Boulders from the chalk cliffs being eroded by the sea. The needles can be seen in the distance. Alum Bay, Isle of Wight.
Alum Bay is a bay near the westernmost point of the Isle of Wight, England, within close sight of the Needles rock formation. Of geological interest and a tourist attraction, the bay is noted for its multi-coloured sand cliffs. The waters and adjoining seabed form part of the Needles Marine Conservation Zone and the shore and heath above are part of the Headon Warren and West High Down Site of Special Scientific Interest.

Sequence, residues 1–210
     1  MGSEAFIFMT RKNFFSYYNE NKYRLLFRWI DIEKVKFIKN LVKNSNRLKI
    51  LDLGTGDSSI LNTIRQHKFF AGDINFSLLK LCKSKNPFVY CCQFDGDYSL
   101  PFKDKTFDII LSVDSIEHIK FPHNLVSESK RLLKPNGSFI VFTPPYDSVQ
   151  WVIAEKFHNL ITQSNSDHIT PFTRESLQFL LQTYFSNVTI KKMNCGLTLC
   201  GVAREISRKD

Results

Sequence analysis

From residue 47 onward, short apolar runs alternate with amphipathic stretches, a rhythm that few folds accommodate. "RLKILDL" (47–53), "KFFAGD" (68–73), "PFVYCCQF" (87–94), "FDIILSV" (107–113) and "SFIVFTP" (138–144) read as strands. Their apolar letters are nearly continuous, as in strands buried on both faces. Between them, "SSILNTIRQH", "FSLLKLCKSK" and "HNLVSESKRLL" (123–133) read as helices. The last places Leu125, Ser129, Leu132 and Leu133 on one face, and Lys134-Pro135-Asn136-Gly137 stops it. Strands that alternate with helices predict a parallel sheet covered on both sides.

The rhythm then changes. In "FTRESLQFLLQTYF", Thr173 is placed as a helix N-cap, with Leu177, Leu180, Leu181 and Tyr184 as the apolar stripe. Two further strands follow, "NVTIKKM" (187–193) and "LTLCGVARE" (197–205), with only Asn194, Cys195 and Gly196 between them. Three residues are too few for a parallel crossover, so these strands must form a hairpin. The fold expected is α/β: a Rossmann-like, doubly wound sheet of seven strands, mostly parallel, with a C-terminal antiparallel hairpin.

Alum Bay is the location of a classic sequence of upper Paleocene and Eocene beds of soft sands and clays, separated by an unconformity from the underlying Cretaceous Chalk Formation that forms the adjoining headland of West High Down. Due to geological folding of the Alpine orogeny, the strata in the main section of the bay are near vertical, with younger rocks with progressively lower dips to the west. The sands are coloured due to oxidised iron compounds formed under different conditions.